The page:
This is an unusual recording of Britten's The Turn of the Screw in that it is a live presentation of a concert performance of the opera. Actually, it was derived from two separate performances in April, 2013, though any editing or splicing is unnoticeable. I have reviewed two other recordings of this work here in the last decade or so: the Richard Hickox-led version on an Opus Arte DVD (BBC/Opus Arte OA0907D) in 2005 and the 2003 Steuart Bedford account on an Arthaus Musik DVD (100198). Both of these of course are videos, and fine ones at that, though I favored the Hickox recording over the Bedford.
This new effort on LSO Live makes comparisons with such competition difficult since it is an audio-only version. That said, I will add out that one can still discern that in many ways it may well be the most intense account of the opera, at least among recent recordings. Intense, yes, and quite powerfully dramatic, but many will still consider Britten's own 1955 recording of the work to be the benchmark, despite its mono sound. This LSO Live SACD has quite excellent sound and features both a strong cast and fine orchestral playing. Sally Matthews as the Governess has a great sense for drama as she imparts a strong intensity throughout, but sometimes at the expense of diction, as a word here and there seems to get muddled amid moments of strong emotion. That minor weakness aside, her performance is excellent. The Miss Jessel of Katherine Broderick is also splendid, and Andrew Kennedy makes a menacing and quite ghostly Peter Quint. The rest of the cast is fine and Richard Farnes leads the London Symphony Orchestra (scaled down to chamber size for this work) with a mastery at achieving a sense of the eerie, not least in those seemingly innocent child-like passages that cloak some threat or danger. Farnes conducts the Theme and Fifteen Variations (preludes between scenes) with a knowing hand, drawing fine performances from his orchestra.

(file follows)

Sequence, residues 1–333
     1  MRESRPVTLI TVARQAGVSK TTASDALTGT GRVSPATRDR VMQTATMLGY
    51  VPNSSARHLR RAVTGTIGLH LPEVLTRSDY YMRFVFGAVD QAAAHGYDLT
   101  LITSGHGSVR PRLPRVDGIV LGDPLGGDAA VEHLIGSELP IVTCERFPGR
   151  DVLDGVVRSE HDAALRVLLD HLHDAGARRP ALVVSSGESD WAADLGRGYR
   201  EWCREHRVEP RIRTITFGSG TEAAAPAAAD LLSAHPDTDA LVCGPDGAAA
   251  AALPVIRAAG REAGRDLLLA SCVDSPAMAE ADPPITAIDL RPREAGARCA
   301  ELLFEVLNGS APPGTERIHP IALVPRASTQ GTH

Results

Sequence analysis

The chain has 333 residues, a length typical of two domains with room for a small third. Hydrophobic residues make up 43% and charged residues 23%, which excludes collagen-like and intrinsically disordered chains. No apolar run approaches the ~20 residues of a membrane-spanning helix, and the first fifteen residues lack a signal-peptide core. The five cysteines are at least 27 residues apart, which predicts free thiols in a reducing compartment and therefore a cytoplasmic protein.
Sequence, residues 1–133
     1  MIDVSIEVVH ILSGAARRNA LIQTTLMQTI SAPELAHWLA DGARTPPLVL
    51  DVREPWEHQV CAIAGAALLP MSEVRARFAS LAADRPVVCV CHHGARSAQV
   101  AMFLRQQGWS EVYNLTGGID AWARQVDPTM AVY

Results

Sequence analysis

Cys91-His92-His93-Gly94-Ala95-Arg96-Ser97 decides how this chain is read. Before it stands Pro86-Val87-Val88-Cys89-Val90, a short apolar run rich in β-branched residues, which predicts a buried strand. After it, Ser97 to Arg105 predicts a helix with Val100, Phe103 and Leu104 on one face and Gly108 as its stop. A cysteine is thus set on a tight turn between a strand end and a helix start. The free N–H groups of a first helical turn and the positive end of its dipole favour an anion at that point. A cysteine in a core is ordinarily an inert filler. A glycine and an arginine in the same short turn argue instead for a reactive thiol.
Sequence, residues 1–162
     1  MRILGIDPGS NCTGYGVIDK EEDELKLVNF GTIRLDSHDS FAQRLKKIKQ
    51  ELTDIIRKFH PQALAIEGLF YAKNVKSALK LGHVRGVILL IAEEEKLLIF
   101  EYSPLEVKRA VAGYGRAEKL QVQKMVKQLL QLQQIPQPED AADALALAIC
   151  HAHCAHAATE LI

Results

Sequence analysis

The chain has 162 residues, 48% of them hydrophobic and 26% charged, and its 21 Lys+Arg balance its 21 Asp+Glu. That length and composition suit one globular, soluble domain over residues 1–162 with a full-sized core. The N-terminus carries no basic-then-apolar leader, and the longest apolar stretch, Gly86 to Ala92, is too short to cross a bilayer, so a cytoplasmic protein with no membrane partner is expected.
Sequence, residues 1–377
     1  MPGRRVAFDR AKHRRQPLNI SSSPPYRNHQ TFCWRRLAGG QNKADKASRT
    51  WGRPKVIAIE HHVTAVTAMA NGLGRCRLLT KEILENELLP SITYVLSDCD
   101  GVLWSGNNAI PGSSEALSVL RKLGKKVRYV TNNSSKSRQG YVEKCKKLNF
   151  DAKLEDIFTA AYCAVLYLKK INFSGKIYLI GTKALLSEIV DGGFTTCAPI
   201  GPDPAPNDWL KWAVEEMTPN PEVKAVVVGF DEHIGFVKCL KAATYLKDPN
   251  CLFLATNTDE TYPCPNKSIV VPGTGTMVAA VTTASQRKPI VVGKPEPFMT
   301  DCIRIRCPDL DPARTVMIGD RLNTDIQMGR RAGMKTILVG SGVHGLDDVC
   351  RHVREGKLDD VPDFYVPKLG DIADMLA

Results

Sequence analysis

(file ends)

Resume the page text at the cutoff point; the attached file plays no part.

Many consider this opera, based on the Henry James novella of the same name, to be among the finest Britten composed, and I won't challenge that view, but must mention the company it shares: Peter Grimes (1945), Billy Budd (1951), A Midsummer Night's Dream (1961) and Owen Wingrave (1970). Britten was surely one of the greatest composers of opera from the mid-20th century, and if you're interested in his operas, this new effort on the LSO Live label should be of great interest.
Copyright © 2014, Robert Cummings